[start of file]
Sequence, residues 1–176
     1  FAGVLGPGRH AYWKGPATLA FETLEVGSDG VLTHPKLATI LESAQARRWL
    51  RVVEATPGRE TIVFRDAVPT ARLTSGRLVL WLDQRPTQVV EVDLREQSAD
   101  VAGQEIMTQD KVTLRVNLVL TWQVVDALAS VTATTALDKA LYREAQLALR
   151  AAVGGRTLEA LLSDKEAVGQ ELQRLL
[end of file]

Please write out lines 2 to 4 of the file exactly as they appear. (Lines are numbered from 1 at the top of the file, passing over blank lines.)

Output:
     1  FAGVLGPGRH AYWKGPATLA FETLEVGSDG VLTHPKLATI LESAQARRWL
    51  RVVEATPGRE TIVFRDAVPT ARLTSGRLVL WLDQRPTQVV EVDLREQSAD
   101  VAGQEIMTQD KVTLRVNLVL TWQVVDALAS VTATTALDKA LYREAQLALR